Science is art: A rodent’s mammary gland, up close

mouse mammary glandThis image is a miniaturized and simplified version of a mouse mammary gland grown in the laboratory — which may hold clues to how a normal breast develops.

Christopher Turner, PhD

Turner

weiyi Xu

Xu

From the Upstate laboratory of cell and developmental biologist Christopher Turner, PhD, doctoral student Weiyi Xu studies a protein called paxillin. It plays a role in mammary gland development and in breast tumor progression. Paxillin helps the mammary gland ducts branch, polarize and penetrate, which is important for future milk production.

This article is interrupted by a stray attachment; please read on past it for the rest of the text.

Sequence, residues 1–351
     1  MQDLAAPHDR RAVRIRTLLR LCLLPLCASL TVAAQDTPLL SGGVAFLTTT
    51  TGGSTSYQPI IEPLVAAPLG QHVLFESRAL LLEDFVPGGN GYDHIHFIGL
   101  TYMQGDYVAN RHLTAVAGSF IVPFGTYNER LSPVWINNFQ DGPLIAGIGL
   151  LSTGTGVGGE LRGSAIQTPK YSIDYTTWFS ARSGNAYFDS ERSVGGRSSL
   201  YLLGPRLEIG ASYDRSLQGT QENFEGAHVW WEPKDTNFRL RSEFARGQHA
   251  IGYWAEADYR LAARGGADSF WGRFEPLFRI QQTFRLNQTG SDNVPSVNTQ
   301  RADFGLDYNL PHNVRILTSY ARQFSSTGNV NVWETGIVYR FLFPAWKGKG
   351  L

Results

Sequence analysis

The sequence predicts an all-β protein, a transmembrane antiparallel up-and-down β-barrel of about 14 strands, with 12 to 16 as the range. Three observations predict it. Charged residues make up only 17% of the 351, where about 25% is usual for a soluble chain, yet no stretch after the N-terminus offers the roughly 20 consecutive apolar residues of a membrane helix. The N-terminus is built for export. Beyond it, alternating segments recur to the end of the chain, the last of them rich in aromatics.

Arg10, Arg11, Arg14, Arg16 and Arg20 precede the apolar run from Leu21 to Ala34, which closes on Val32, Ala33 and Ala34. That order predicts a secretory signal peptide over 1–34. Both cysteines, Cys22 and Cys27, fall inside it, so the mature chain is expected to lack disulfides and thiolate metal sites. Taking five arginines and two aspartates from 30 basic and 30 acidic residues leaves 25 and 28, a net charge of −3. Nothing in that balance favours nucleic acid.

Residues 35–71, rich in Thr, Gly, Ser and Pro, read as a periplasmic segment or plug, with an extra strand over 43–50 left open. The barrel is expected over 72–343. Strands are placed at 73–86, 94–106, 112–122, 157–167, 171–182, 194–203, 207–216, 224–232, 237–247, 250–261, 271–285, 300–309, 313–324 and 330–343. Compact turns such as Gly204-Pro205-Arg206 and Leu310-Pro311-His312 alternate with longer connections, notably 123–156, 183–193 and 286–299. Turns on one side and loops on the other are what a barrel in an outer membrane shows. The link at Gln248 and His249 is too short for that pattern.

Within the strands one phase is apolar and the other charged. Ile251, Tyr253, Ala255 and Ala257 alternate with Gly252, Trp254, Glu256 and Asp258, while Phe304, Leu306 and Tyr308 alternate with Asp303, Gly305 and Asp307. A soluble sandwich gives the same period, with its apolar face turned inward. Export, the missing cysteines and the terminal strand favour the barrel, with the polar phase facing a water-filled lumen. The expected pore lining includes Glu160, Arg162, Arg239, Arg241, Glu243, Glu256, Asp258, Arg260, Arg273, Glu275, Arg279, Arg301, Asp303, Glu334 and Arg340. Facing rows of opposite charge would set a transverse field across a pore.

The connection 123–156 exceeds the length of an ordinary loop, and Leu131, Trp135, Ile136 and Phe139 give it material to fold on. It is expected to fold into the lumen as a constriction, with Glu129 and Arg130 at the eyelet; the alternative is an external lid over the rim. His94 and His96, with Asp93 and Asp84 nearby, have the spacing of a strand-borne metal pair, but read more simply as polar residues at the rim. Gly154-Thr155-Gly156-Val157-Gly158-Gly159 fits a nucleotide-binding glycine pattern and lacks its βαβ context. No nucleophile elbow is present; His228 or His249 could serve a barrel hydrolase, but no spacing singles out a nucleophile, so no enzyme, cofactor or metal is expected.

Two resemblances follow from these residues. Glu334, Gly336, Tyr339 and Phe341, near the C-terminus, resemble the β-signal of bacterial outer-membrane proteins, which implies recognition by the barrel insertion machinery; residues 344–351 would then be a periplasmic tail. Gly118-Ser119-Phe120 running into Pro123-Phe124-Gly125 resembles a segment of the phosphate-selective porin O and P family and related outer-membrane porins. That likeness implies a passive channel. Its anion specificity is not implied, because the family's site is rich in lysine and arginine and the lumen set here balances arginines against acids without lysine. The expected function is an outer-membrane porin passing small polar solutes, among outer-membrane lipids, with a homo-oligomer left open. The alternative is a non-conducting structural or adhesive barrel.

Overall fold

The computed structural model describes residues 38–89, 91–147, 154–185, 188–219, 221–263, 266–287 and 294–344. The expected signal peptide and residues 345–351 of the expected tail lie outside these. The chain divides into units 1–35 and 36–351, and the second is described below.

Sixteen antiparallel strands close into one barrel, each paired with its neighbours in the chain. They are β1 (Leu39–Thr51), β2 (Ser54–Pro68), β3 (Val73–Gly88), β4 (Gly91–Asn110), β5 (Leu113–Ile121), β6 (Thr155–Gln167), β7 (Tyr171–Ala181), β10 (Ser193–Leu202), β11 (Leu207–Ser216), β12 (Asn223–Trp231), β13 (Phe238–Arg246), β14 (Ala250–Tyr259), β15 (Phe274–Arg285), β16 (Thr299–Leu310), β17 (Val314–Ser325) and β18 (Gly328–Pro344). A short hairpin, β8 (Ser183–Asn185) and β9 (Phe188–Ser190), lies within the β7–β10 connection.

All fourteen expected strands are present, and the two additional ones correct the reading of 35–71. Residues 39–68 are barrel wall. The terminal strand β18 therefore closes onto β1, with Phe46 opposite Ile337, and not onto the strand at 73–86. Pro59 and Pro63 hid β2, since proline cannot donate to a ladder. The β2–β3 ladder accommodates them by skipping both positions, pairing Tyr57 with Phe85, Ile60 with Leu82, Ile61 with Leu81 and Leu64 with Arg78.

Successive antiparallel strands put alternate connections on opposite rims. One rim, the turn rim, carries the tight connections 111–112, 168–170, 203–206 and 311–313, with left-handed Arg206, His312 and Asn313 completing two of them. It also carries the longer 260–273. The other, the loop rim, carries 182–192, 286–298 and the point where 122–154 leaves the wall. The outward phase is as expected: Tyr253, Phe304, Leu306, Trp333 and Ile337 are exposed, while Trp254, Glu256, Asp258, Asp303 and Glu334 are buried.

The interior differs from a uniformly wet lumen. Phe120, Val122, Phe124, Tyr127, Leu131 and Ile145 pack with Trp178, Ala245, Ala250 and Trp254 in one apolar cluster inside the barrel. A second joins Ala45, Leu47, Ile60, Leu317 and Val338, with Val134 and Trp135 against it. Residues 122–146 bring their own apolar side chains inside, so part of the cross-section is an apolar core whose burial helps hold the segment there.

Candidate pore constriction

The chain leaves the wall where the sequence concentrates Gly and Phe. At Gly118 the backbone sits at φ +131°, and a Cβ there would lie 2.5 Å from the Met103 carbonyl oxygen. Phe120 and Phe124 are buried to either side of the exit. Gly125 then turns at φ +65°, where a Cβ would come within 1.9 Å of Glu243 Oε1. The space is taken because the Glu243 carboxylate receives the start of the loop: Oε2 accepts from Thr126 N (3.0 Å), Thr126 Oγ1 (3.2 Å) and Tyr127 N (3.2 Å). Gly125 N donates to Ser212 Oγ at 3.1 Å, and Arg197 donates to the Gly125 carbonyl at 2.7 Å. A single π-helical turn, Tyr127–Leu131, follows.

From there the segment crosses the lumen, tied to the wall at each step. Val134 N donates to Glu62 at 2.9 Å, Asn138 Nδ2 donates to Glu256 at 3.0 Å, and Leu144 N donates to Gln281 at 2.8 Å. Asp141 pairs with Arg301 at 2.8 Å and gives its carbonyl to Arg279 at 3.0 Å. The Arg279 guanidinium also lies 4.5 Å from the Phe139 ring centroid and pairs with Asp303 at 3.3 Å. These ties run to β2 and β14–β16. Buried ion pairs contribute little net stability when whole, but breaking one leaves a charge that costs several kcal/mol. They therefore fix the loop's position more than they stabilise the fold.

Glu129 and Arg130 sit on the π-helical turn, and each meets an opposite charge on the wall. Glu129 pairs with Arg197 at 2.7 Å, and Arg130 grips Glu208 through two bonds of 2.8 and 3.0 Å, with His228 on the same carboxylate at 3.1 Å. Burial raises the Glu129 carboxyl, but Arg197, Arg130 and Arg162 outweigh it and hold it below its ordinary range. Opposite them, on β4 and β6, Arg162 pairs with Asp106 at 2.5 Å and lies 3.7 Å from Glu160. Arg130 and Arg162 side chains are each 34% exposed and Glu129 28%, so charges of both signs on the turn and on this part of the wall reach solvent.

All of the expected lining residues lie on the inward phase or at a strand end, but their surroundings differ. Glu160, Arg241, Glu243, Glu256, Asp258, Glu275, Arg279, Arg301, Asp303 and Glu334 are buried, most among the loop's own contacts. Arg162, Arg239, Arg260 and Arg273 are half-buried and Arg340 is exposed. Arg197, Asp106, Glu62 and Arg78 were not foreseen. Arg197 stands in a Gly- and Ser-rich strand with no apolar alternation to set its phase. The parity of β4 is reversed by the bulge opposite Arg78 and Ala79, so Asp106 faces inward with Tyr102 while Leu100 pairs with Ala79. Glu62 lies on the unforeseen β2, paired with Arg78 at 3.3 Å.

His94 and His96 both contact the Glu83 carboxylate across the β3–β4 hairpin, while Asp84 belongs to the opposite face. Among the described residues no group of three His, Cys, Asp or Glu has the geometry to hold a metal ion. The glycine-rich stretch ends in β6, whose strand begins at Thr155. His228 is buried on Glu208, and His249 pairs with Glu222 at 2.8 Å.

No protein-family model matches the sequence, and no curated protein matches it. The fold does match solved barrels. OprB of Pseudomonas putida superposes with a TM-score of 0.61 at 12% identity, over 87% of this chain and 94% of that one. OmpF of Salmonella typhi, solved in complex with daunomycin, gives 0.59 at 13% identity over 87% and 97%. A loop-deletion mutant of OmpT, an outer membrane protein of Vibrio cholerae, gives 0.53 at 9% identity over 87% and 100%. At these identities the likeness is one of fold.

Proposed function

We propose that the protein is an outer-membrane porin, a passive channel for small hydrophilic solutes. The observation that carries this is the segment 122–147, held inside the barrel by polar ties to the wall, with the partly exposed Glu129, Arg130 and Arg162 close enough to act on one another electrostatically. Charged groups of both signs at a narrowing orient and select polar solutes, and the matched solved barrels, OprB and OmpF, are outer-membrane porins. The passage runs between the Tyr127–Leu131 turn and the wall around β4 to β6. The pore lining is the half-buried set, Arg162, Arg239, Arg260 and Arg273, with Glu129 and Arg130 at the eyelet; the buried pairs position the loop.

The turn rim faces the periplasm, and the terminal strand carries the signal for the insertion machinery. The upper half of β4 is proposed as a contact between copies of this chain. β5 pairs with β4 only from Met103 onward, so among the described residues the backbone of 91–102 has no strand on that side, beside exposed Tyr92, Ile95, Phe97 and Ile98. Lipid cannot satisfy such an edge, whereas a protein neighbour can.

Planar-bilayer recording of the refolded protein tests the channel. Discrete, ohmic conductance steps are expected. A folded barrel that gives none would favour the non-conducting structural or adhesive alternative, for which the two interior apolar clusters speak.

This image shows branching that takes place as part of that mammary gland development.

When scientists completely “knock out” paxillin in laboratory mice, lethal problems develop in the mammals’ vital organs.

Upstate Health magazine spring 2018 coverThis article appears in the spring 2018 issue of Upstate Healthmagazine.

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